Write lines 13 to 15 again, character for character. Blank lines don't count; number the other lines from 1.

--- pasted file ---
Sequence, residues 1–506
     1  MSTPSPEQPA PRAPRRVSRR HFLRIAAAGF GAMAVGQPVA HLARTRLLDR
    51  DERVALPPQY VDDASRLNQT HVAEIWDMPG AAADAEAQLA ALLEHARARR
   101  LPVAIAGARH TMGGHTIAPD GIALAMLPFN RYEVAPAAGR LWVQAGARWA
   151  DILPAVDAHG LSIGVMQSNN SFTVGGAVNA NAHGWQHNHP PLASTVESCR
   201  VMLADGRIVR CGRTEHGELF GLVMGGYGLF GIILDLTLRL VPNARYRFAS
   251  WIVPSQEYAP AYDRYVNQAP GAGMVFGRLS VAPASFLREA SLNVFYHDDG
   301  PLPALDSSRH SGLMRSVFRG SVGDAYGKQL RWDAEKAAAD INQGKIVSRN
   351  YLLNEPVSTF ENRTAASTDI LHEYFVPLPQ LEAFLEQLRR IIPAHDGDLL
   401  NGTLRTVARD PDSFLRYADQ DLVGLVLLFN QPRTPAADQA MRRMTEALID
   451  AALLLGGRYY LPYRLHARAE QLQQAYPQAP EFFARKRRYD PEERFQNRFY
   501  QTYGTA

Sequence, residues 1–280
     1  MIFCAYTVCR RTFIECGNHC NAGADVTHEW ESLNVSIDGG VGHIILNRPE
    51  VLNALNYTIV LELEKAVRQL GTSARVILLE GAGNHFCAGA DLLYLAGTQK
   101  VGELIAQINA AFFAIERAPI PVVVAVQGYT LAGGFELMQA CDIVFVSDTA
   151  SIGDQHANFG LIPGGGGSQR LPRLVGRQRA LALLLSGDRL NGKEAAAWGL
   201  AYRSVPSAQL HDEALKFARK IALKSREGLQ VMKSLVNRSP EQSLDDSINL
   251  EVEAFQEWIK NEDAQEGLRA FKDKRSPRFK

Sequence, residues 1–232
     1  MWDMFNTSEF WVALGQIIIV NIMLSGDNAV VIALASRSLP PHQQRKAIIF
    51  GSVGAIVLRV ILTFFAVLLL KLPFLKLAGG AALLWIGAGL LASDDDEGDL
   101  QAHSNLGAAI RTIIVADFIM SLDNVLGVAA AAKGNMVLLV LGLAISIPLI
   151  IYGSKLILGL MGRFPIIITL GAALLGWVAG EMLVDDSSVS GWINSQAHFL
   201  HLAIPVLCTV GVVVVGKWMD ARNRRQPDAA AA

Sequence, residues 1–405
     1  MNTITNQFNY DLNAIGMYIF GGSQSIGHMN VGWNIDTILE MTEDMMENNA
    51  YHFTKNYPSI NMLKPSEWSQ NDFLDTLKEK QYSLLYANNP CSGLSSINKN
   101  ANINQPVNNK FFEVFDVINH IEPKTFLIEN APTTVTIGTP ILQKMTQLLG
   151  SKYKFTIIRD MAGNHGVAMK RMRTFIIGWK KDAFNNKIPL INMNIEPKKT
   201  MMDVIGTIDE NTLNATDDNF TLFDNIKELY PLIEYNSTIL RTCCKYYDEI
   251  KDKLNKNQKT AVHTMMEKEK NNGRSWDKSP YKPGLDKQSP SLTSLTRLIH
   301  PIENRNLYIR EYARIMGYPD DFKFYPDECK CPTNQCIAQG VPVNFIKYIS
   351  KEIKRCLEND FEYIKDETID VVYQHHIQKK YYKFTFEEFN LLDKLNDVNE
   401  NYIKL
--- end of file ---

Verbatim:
Sequence, residues 1–280
     1  MIFCAYTVCR RTFIECGNHC NAGADVTHEW ESLNVSIDGG VGHIILNRPE
    51  VLNALNYTIV LELEKAVRQL GTSARVILLE GAGNHFCAGA DLLYLAGTQK